Sensitive skin? Here are five things to know before starting cancer treatment.November 01, 2019 by The Oncoderm Medical Team / 5 mins read
You’ve probably heard from your oncologist or nurse that the medicine you are about to take may cause a rash or dryness. Although rashes to chemotherapy or targeted therapies are usually not severe, they can be uncomfortable and in some cases may lead to your doctor decreasing or changing your treatment.
Skin problems that result from treatment are among the most important side effects—and often, the most overlooked.
Here are five things to know before starting treatment:
- Not all rashes are created equal.
The severity and duration of a rash can depend on your specific therapy. If treated appropriately, most people have no long-term skin problems from these side effects. However, rashes due to radiation or stem cell transplants may last longer than rashes from chemo or targeted therapies.
- Pay attention to timing and appearance.
Knowing when a rash appears can give your doctor insight as to the cause, how to treat it, and what that means for continuing your cancer treatment. With most cancer medications, a rash appears within the first two months after beginning treatment. These are usually treatable, and cancer treatments can continue. However, when a rash appears within minutes or hours of starting treatment, or even within the first day the drug is received, it could be an allergic reaction. Whether a rash appears immediately or after a few days, it is important to keep track of when the skin changes or other symptoms (like itching or pain) so you can tell your doctor. Try keeping a diary or taking photos to document its appearance and any changes.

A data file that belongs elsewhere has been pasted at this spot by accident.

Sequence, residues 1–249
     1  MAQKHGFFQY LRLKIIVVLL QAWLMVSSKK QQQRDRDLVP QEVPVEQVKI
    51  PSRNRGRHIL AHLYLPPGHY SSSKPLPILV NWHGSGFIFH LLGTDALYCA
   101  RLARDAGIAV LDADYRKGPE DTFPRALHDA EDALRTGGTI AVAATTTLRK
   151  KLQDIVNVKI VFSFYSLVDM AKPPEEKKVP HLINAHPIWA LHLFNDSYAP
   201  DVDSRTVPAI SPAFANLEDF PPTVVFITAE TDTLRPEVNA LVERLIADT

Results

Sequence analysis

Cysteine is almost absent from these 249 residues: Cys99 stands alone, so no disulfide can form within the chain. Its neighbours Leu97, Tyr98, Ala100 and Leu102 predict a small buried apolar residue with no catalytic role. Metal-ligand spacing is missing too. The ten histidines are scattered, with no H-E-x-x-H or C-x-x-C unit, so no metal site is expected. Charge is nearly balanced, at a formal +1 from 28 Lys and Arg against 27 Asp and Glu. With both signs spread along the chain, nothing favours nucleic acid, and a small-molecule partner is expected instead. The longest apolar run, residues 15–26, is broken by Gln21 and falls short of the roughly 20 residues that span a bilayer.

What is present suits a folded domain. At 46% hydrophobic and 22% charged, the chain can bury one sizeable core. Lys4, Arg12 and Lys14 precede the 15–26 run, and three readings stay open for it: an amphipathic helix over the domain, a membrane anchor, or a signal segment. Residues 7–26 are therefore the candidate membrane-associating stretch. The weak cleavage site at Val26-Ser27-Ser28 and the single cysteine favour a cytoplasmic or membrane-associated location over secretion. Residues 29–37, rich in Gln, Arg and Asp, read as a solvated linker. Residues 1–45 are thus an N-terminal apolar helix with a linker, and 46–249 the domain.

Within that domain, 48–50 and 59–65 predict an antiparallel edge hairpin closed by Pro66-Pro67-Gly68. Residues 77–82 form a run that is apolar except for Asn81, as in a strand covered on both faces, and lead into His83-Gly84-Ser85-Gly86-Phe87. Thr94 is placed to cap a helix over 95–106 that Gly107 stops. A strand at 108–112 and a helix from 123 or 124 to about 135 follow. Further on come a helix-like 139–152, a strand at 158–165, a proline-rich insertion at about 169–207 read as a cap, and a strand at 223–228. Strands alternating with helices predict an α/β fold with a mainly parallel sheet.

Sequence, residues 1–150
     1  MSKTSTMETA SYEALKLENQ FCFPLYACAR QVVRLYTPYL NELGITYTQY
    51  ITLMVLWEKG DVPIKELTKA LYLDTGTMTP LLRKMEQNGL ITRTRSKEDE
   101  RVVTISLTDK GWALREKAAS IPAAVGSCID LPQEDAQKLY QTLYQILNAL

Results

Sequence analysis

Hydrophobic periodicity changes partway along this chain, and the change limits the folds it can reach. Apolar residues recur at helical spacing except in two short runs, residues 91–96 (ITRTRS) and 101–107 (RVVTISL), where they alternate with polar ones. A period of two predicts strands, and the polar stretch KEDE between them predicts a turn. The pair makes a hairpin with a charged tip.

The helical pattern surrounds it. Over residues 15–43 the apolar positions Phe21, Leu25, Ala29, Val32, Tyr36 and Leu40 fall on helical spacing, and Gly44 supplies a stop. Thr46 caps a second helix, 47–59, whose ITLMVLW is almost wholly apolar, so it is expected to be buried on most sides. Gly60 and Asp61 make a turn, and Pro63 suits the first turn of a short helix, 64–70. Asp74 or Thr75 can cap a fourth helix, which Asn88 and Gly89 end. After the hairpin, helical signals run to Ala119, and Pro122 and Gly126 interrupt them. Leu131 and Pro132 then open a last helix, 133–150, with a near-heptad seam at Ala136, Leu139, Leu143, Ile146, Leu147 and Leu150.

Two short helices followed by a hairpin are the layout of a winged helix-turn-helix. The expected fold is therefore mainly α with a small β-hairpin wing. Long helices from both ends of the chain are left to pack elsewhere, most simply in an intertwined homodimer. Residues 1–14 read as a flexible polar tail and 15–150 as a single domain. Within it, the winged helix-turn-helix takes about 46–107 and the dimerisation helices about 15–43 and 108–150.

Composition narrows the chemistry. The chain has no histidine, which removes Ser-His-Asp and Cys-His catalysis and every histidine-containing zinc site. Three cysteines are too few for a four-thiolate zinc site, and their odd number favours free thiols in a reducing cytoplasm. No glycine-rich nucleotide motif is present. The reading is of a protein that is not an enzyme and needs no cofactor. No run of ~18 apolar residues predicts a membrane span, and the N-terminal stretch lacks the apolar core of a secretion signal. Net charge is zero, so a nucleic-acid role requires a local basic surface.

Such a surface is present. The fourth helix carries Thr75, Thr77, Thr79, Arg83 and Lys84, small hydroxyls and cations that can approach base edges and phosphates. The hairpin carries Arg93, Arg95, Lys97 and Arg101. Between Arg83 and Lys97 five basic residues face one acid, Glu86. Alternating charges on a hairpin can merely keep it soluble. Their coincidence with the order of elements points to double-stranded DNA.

- Dealing with dryness.
To protect your skin from drying out, there are a number of things you can control in your environment, such as
- keeping the air in your home moist by lowering the heat or using a warm-mist humidifier;
- applying a moisturizer to the skin within 15 minutes of showering or bathing. Hypoallergenic moisturizers that do not have perfumes or preservatives are best, but remember that hypoallergenic products still have some chemicals in them that you may be allergic to. Read more tips about reducing dryness here.
- Protect yourself from the sun.
While you are receiving treatment, it’s important to protect yourself against the sun, since many medications increase your sensitivity to sunlight. Wear protective clothing and avoid being outside without sunscreen. Use sunglasses with lenses that protect your eyes from UV rays.
- Be gentle with your skin.
Use mild, fragrance-free soap when bathing and avoid soaps with strong scents. It’s best to avoid long, hot showers or baths, which make rashes worse; trying using lukewarm water instead. It’s also important to avoid loofahs or sponges to clean or scrub, as they are loaded with infection-causing germs.
Most symptoms associated with a rash caused by chemotherapy or targeted therapies gradually go away after treatment ends. In time, healthy skin cells grow normally again. How long this process takes depends on factors such as your age, gender, overall health, type and severity of cancer, type of cancer medications, and whether your rash is treated appropriately.
Medically Reviewed by Taylor Froiland, PharmD
If you are a person living with cancer, you may experience changes in your skin, hair or nails. There are many effective ways to prevent and manage these side effects so they don’t disrupt your life or interfere with treatment.
Find more helpful products and tips at oncodermlabs.com.